Please click here if you do not see a Nav Frame at left and Header Frame above - you'll need them!


By Tom Sloper

December 23, 2007
Column #345

American Mah-Jongg (2007 NMJL card). In mah-jongg you have to balance the need to build your hand (offense) with the need to keep from giving someone else the win (defense). Let's say you are holding the following:

An opponent is showing the following:

1. The kong of Wh might mean 2007 #5, 2468 #1 or #6, 13579 #3, W-D #4 or #6, or 369 #1. All your probable discards (not counting F 6B 7B) are potentially hot. But with only one exposure showing, there's not a lot of danger. Unless the wall is very short. If it isn't, throw whatever you want and see what happens.

2. Could be any quint hand. Your only worry is 2D, which might be a problem if she's playing Quints #1. The shorter the wall, the higher the danger. If there are three 2Ds dead on the discard floor, you're safe to throw the case tile.

3. If she hasn't erred fatally, there's only one hand she can be making: 369 #1, and she might need your R. If the wall is long, it might be too early to give up now.

4. It's 2468, but which one: #1 or #5? Check the discard floor. If 2B and 2C are dead and she doesn't look upset or resigned, maybe you shouldn't throw 2D.

5. Three possibilities: Consec. #2 or #3, or 13579 #2. 2D is hot for both the Consec. hands, and 1C is hot for Consec. #3. 13579 #2 is not a concern. But you may have to forget about making Lucky 13, unless you luck out and pick the case 3B yourself.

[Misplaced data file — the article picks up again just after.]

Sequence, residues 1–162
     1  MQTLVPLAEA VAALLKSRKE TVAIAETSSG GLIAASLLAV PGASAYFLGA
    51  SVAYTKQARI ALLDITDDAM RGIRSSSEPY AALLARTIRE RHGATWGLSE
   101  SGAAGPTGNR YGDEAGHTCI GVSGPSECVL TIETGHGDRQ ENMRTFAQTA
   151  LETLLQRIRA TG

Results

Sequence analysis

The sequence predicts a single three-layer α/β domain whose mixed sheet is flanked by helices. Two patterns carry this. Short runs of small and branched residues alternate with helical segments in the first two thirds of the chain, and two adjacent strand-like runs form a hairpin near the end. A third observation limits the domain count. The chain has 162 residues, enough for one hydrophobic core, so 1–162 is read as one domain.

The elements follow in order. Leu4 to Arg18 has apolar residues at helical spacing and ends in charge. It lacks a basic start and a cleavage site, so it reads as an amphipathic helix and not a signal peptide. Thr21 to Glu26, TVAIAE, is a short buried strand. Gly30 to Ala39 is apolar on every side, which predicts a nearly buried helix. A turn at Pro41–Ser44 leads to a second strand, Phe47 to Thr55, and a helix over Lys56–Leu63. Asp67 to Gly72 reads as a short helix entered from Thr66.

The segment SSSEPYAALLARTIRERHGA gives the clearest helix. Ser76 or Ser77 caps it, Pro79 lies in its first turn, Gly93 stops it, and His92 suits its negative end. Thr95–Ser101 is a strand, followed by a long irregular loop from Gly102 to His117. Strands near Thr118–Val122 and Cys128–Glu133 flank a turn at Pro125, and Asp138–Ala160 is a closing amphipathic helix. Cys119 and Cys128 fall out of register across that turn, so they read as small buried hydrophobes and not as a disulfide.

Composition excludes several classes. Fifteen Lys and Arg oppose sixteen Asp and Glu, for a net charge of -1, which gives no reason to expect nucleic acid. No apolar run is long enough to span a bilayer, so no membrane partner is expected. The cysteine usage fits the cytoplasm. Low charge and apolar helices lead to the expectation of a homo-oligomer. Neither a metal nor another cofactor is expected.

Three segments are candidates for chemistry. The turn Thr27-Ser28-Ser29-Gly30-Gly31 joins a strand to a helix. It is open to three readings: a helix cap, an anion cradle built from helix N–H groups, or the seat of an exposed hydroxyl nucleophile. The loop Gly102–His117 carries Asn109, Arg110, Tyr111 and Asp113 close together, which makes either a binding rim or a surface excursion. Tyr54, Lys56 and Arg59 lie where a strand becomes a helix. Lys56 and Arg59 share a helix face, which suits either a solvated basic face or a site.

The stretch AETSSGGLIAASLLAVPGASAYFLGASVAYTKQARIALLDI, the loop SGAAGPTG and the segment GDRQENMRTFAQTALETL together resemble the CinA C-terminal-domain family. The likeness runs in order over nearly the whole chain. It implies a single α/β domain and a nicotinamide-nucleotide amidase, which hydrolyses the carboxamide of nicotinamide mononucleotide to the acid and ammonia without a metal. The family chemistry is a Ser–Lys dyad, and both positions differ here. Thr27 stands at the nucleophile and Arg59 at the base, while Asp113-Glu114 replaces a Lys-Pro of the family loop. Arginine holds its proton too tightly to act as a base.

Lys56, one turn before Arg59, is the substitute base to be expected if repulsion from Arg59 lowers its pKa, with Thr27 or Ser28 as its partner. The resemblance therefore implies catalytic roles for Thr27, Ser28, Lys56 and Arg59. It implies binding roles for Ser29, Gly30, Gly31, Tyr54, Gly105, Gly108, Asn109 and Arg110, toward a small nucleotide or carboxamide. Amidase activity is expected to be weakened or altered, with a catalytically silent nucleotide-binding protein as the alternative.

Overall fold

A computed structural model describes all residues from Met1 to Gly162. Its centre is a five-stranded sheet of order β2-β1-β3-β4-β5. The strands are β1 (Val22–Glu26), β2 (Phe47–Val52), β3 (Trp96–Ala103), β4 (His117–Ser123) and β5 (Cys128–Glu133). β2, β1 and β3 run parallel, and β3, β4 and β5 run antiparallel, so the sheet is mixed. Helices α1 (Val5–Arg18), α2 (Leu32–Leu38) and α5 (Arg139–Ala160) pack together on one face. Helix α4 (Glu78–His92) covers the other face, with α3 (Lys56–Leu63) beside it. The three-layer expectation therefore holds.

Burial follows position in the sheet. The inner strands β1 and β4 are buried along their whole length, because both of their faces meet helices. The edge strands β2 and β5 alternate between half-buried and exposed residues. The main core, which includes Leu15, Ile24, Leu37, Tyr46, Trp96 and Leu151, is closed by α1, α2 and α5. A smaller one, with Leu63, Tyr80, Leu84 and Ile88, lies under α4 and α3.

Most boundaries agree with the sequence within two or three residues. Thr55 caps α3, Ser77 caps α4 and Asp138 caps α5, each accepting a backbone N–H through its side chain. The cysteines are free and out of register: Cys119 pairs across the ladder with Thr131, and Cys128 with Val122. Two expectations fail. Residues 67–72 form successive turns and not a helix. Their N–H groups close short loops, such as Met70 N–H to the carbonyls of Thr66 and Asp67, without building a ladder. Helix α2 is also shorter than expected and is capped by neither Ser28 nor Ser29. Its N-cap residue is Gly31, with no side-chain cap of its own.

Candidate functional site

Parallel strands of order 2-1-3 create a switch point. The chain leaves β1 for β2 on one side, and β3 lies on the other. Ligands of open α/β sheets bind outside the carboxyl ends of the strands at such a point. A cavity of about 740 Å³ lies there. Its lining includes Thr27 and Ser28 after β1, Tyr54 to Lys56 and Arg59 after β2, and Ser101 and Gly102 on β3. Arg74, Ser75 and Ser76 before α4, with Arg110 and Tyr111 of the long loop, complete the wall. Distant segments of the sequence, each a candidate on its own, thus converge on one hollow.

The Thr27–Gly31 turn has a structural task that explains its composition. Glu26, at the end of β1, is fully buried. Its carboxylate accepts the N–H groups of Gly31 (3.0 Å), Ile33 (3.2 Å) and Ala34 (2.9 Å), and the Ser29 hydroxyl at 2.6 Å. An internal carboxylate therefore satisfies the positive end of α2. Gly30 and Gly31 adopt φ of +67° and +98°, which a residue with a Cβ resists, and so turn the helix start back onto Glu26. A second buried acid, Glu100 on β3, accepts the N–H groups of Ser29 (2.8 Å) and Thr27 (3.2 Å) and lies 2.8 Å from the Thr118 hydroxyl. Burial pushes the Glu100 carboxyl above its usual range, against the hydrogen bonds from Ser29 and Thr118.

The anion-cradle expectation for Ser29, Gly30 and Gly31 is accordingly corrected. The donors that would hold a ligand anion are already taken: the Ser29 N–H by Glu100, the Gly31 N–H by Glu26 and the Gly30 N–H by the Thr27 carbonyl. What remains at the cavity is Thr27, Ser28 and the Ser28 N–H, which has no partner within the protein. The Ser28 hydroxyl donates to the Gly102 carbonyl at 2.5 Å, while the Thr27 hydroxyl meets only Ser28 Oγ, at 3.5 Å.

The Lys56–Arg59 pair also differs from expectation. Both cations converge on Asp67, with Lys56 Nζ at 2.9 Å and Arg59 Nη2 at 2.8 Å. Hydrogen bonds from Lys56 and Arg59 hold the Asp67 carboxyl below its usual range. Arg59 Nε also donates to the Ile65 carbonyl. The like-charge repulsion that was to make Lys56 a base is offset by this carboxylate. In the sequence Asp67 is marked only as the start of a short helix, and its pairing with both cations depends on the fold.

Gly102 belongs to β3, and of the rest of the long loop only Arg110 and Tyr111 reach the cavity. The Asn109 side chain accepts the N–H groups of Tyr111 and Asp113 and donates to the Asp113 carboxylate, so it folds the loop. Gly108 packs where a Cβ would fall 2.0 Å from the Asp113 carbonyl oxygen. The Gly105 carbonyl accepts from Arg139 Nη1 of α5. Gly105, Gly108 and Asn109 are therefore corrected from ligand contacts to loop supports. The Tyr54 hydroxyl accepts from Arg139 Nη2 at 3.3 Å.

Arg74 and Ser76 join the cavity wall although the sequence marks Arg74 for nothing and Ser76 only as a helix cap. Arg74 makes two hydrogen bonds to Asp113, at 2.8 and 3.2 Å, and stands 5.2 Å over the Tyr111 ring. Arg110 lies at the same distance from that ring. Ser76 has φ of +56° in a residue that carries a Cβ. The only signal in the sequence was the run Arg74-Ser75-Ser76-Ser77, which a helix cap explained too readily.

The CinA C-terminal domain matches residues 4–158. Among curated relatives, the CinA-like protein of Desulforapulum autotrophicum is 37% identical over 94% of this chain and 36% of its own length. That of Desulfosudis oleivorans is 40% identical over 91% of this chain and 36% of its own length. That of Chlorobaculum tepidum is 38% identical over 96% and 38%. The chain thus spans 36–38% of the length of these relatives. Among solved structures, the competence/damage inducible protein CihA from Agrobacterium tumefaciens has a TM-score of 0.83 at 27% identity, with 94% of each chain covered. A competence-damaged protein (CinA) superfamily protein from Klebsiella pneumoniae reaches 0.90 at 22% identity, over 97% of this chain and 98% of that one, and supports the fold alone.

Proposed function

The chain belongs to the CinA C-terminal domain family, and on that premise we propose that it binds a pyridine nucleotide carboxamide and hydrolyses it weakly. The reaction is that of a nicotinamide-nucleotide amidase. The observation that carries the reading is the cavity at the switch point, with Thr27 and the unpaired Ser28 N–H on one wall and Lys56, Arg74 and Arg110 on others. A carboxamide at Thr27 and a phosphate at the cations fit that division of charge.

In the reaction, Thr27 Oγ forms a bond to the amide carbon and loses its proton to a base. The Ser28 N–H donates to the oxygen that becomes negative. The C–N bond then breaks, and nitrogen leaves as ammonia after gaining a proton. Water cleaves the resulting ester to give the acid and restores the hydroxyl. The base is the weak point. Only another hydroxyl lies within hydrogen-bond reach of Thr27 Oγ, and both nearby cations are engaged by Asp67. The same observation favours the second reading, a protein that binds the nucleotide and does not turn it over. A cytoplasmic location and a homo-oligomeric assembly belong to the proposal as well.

6. Could be odds or Consec. If odds, your 1C is hot.

7. Could be odds or Consec. again. If it's Consec., your 2D is hot.

8. Clearly Consec. #3. Your R is hot.

9. Clearly 2007 #2. Your 2D is hot.

Thanks to sharp-eyed reader Jeanette for spotting a typo in this column!


Click the entries in the header frame, above, to read other columns.

Question or comment about this column? Email and the discussion will be posted on the Mah-Jongg Q&A Bulletin Board.

Haven't ordered the 2007 NMJL card yet? Read FAQ 7i.

Need rules for American mah-jongg? Tom Sloper's book, The Red Dragon & The West Wind, can be ordered through AND see FAQ 19 for fine points of the American rules (and commonly misunderstood rules). AND get the booklet from the NMJL (see FAQ 3).

Jay Firestone of the Jewish Journal of Greater Los Angeles has posted a nice little video about a young man (himself) learning to play American mah-jongg. You can see it at

© 2007 Tom Sloper. All rights reserved.